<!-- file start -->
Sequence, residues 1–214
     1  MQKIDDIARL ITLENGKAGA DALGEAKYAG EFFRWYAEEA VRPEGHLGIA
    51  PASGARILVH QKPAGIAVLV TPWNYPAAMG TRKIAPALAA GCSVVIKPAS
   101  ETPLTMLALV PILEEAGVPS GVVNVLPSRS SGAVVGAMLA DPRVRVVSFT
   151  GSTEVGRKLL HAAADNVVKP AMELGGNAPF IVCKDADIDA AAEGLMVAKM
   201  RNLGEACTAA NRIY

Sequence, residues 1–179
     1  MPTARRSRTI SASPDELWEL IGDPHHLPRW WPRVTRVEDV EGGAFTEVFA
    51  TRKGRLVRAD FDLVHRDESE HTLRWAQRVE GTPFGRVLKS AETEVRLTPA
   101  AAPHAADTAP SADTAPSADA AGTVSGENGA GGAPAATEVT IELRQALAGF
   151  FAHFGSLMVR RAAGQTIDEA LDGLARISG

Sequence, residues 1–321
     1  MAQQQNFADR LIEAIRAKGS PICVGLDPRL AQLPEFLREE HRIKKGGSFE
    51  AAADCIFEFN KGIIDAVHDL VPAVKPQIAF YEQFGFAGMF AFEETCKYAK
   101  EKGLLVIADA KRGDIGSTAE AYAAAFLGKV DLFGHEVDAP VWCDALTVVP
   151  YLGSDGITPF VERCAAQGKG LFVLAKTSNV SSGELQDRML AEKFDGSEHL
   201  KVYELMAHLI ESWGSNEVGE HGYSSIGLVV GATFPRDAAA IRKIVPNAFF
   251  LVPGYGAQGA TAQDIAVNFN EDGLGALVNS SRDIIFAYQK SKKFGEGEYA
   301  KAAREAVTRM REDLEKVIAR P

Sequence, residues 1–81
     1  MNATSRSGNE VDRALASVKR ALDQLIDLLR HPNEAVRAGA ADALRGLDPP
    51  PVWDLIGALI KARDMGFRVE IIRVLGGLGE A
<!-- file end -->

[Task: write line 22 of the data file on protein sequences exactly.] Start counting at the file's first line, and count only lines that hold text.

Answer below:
    51  PVWDLIGALI KARDMGFRVE IIRVLGGLGE A